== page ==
Researchers have found that abdominal fat is not the primary factor for causing metabolic syndrome but insulin resistance also plays a part in leading to a cluster of conditions that includes the most dangerous heart attack risk factors including pre-diabetes, diabetes, high blood pressure, and changes in cholesterol.
Abdominal fat or the spare tire that many of us carry has long been linked to metabolic syndrome, a combination of medical disorders that increase one's risk for cardiovascular disease and diabetes.
However, the study conducted by a team of researchers led by Gerald I. Shulman and Kitt Falk Petersen at Howard Hughes Medical Institute (HHMI), Yale University School of Medicin, found otherwise.
Insulin resistance is a condition in which the body's cells become resistant to insulin, a hormone secreted by the pancreas that plays an essential role in regulating the carbohydrates, lipids, and proteins obtained from food.
As part of the study, researchers used powerful new magnetic resonance imaging techniques to observe how nutrients are channelled in the body in both insulin resistant and insulin sensitive human subjects which included young, lean, non-smoking, healthy people who were sedentary and matched for physical activity.
The volunteers had no confounding factors typically associated with obesity and type 2 diabetes, which have been thought to play a key role in the pathogenesis of the metabolic syndrome, apart from insulin resistance in one cohort.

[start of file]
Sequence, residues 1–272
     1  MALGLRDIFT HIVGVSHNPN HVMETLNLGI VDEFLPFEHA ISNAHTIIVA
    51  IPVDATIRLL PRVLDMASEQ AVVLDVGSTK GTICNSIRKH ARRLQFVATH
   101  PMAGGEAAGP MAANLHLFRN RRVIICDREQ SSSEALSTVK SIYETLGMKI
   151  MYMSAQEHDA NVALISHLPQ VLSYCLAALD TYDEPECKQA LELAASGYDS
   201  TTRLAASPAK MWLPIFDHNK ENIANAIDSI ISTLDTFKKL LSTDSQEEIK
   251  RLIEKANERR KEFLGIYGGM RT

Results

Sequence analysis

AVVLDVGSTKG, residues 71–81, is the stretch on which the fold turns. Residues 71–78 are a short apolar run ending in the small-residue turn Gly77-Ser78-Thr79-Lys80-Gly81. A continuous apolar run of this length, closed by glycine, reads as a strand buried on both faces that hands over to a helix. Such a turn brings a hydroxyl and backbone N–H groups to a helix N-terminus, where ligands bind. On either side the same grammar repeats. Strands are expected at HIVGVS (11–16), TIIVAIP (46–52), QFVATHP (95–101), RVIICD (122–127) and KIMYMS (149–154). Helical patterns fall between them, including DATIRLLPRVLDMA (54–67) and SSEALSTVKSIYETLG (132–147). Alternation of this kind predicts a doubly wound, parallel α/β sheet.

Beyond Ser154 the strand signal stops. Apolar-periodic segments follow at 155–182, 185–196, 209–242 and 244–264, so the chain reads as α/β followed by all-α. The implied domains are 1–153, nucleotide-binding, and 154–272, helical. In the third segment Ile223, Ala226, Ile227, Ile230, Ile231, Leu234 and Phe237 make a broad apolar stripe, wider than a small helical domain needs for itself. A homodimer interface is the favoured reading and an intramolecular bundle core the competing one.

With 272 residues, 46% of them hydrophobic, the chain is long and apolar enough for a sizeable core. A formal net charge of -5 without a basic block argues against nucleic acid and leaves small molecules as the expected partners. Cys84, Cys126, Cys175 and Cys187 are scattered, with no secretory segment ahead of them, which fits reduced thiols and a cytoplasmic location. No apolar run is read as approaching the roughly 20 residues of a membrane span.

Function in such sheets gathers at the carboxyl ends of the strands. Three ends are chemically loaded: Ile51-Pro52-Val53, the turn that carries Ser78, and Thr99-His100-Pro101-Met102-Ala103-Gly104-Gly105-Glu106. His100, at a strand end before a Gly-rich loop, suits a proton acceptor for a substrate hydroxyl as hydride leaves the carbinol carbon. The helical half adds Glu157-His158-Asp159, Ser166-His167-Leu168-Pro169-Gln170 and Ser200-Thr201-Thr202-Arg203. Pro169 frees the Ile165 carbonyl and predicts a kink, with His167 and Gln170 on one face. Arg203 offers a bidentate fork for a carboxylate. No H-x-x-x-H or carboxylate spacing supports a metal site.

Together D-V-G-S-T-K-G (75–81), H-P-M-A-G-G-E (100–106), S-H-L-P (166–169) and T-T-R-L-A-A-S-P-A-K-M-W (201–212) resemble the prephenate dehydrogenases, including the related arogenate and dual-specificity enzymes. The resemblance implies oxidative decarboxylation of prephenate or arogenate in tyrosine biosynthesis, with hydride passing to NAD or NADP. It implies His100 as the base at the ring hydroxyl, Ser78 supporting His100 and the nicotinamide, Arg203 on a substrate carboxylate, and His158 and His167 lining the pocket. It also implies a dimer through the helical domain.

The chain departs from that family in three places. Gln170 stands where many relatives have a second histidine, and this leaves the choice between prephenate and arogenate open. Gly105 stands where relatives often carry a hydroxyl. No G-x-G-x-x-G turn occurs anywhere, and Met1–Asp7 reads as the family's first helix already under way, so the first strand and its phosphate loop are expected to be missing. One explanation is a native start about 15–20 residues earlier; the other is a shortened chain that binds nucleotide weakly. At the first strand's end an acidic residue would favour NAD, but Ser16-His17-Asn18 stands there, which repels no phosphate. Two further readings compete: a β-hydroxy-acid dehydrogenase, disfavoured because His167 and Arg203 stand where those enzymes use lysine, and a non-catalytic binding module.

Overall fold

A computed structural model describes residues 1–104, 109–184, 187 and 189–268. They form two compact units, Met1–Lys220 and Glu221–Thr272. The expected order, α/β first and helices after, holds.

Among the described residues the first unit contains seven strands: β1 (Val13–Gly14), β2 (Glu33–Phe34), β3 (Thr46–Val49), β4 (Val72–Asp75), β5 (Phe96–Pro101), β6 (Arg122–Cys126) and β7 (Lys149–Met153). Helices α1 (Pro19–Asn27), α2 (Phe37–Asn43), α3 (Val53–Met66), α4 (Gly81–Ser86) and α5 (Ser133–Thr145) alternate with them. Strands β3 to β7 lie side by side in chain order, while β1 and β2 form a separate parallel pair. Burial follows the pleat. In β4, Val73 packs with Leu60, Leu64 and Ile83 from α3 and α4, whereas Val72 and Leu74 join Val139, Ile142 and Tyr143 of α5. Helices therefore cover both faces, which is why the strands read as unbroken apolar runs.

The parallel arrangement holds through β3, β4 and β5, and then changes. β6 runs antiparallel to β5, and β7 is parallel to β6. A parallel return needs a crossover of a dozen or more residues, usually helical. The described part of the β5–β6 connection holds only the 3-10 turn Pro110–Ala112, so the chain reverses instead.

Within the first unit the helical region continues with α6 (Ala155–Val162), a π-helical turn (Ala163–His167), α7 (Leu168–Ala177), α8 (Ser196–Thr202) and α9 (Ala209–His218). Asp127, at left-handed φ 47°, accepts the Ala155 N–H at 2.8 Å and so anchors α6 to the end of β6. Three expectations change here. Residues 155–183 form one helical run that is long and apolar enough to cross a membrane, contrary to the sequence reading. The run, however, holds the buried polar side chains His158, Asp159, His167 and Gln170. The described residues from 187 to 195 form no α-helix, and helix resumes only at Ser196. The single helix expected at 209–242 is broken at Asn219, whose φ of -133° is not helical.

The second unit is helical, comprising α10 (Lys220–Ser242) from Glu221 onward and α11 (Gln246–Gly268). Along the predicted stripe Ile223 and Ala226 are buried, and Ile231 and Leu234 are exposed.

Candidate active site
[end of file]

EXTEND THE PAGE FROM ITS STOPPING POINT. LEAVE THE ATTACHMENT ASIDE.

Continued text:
Researchers provided the volunteers with two meals high in carbohydrates, and turned to magnetic resonance spectroscopy to measure the production of liver and muscle triglyceride, the storage form of fat, glycogen, and carbohydrate.
The study found that in the insulin resistant subjects, the energy obtained from their carbohydrate rich meals was rerouted to liver triglyceride production, elevating triglycerides in the blood by as much as 60 percent and lowering HDL cholesterol, the 'good cholesterol' by 20 percent.
"What we found is that (insulin) sensitive individuals took the energy from carbohydrate in the meals and stored it away as glycogen in both liver and muscle," Shulman said.
"In contrast to the young, lean, insulin-sensitive subjects, who stored most of their ingested energy as liver and muscle glycogen, the young, lean, insulin-resistant subjects had a marked defect in muscle glycogen synthesis and diverted much more of their ingested carbohydrate into liver fat production," the researchers said.
The study demonstrated that insulin resistance in skeletal muscle, caused by decreased ability of muscle to make glycogen, the stored form of carbohydrate from food energy, can promote an elevated pattern of lipids or fats in the bloodstream that underpins the metabolic syndrome.
Researchers also found that skeletal muscle insulin resistance preceded the development of insulin resistance in liver cells, and that fat production in the liver was increased.
The findings of the study were published in the July issue of the Proceedings of the National Academy of Sciences (PNAS).